Model an environment of calmness, openness and safety to ask questions. “Throughout childhood and teen years, parents modeling calm, support and openness, rather than confrontational questioning, encourages children and teens to feel safe to raise topics for discussion over time,” Musa says. Tell your children that they can come to you about anything and you won’t get angry with them. You can help your child stay open and process things as they come up by using good listening skills, such as repeating what your child tells you back to them, trying to empathize with their perspective and helping them problem-solve when issues come up. Continuing to do this will help your children feel safe coming to you when they encounter any issues or problems.
Protect children from pornography. “Although this seems obvious in the age of extremely easy digital access, the exposure to pornography — much of it highly explicit, violent and degrading — is occurring earlier and earlier; estimates now are that boys ages 8 to 11 have seen such material online,” Musa says. “While we cannot stop older children from being exposed outside of the home, we can ask parents of their friends about parameters around this, and model transparency, in acknowledging that this is rampant and let kids know they can talk about feelings about these pressures.”
“What’s worse is that more and more often, younger teens — especially young girls — are sharing explicit “selfies” with their boyfriends,” says Stacie Rumenap, president of Stop Child Predators, a nonprofit group that combats the sexual exploitation of children nationwide. “In extreme cases, these same teens are being arrested for possession and distribution of child pornography. It’s important to warn teens against sending raunchy photos as jokes or as love notes. Too often when a relationship disintegrates, those pictures can be sent maliciously elsewhere. Kids’ lives are being ruined as a result.”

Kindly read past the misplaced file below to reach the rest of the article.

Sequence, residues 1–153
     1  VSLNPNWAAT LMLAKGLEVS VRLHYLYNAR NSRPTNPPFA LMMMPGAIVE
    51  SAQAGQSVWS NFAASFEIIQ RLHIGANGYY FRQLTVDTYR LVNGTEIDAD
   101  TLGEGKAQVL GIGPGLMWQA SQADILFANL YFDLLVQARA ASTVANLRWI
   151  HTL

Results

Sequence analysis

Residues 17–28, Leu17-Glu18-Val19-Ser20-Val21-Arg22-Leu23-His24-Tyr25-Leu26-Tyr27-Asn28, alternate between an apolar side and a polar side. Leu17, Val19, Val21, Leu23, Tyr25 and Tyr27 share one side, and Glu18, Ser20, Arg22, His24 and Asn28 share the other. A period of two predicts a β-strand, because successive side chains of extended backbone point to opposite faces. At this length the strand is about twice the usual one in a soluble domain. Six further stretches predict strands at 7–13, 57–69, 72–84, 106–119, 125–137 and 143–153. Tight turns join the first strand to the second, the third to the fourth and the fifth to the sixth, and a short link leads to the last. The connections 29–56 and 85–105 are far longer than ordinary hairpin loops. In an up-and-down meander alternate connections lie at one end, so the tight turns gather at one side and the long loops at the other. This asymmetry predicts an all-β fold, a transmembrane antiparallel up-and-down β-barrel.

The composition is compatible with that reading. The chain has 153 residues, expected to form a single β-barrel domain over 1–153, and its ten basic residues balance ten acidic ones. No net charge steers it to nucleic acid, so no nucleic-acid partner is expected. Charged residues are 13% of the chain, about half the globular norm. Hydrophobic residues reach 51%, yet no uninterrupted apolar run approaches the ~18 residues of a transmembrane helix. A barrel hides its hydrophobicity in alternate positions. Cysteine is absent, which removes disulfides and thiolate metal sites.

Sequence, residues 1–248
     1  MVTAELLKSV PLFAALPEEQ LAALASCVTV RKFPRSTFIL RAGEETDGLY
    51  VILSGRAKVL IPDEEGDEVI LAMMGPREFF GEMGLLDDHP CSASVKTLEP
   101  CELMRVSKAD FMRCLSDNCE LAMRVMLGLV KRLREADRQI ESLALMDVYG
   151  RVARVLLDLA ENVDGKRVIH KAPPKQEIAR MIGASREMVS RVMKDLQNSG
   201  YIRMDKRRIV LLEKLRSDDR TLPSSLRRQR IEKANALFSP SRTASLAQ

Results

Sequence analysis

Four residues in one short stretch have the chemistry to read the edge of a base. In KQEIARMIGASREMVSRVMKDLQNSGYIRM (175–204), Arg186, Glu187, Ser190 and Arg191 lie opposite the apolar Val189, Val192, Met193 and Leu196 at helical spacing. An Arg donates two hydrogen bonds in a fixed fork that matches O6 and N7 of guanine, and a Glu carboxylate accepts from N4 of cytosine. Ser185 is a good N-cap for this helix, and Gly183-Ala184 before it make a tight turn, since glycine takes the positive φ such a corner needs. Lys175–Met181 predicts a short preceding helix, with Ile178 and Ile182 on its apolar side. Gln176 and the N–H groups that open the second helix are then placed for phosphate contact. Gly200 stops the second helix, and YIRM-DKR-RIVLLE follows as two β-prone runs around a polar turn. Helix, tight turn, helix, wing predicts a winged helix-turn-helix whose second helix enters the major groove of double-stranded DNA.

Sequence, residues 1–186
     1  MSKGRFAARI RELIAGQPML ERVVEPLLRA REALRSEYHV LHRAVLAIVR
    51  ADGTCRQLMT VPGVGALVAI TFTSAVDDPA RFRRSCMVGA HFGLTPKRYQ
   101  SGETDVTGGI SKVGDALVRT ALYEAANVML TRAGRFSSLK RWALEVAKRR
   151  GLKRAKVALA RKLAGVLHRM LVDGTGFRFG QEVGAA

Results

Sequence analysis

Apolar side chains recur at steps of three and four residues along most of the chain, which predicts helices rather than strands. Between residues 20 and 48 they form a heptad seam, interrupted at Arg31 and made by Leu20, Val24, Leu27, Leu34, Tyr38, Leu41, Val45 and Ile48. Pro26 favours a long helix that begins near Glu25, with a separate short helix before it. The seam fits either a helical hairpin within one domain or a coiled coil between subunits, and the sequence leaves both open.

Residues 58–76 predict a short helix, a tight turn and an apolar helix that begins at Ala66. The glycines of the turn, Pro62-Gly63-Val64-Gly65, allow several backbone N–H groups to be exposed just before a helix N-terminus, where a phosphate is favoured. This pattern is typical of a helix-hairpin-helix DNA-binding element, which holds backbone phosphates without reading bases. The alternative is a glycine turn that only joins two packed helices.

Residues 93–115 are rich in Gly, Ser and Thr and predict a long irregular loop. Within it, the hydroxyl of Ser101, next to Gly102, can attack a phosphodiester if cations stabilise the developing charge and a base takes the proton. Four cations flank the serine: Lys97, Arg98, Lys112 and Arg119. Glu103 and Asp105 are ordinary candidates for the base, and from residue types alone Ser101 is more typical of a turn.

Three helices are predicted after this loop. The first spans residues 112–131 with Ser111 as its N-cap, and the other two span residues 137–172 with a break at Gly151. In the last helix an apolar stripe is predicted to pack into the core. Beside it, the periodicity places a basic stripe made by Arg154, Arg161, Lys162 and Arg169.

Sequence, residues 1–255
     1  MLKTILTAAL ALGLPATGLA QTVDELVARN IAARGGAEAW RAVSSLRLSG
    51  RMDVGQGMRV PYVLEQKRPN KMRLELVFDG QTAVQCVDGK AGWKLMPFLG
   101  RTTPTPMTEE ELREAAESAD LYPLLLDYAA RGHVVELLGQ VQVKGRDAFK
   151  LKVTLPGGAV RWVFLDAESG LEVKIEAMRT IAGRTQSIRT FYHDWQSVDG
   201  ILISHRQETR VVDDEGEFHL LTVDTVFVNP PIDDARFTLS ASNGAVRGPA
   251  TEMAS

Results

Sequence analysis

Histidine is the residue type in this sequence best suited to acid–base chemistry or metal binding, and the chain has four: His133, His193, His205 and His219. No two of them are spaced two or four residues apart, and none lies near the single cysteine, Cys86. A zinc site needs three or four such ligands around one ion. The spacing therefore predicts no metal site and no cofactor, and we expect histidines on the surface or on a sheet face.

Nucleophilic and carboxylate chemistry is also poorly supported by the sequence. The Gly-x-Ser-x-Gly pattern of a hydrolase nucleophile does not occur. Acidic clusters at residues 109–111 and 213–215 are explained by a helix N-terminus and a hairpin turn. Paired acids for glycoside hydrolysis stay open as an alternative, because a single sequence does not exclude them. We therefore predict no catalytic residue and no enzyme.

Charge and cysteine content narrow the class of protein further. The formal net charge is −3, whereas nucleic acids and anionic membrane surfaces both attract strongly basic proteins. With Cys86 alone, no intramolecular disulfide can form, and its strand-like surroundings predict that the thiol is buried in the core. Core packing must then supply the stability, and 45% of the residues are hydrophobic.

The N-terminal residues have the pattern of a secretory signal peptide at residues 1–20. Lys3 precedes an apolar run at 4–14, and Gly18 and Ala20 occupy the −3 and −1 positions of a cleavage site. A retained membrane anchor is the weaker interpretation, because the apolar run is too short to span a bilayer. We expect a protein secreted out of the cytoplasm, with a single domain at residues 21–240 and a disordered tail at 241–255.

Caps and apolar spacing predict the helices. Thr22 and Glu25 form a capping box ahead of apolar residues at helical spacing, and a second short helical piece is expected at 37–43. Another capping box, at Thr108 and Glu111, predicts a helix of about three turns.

When it comes to prevention, it’s a matter of trust. All the experts I spoke with emphasized that it is important for a parent to listen to their gut and to only leave their child with people they trust. Children who have been sexually abused are most often abused by someone they know, and on multiple occasions. That’s why, Musa says, “it is important for children to have supervision and information to lessen their vulnerability.”
Joanne Comstock, a specialist in working with trauma victims, says parents need to “make sure that the child is in situations where caregivers were properly vetted with background checks. If it’s a church situation I would be sure that there’s a safe child policy.” Comstock also says to be vigilant when a child begins to show signs of being withdrawn.
“A child I worked with was in fourth grade and would not make friends with other children, even after other children made significant overtures. This closing down is an example of a typical behavior,” she says. “Sometimes an abuser will make threats if a child tells the truth and they can be afraid. This type of threat might be harming the child or people they love. It should be addressed directly by asking the child if this has happened. If a child is very young, play therapy can be helpful.”
Rumenap adds, “Really listen to your child and trust he or she is telling the truth. Too often parents think their child couldn’t possibly be abused, especially by someone they know. If your child comes forward, make sure they know for certain that you’re on their side and assure them you’ll get them help and bring their perpetrator to justice.”
Melissa Kilbride, a licensed clinical social worker, says, “I try to remind parents that their children will learn about their bodies, about sex and about tricky people, and it is up to parents to decide who they want them to learn it from. If parents choose not to introduce these concepts directly, it sends a message that it’s not safe for the child to come to them with concerns.”
This article was originally published in The Washington Post’s “On Parenting” section on February 8th, 2017 where Lena is a regular contributor.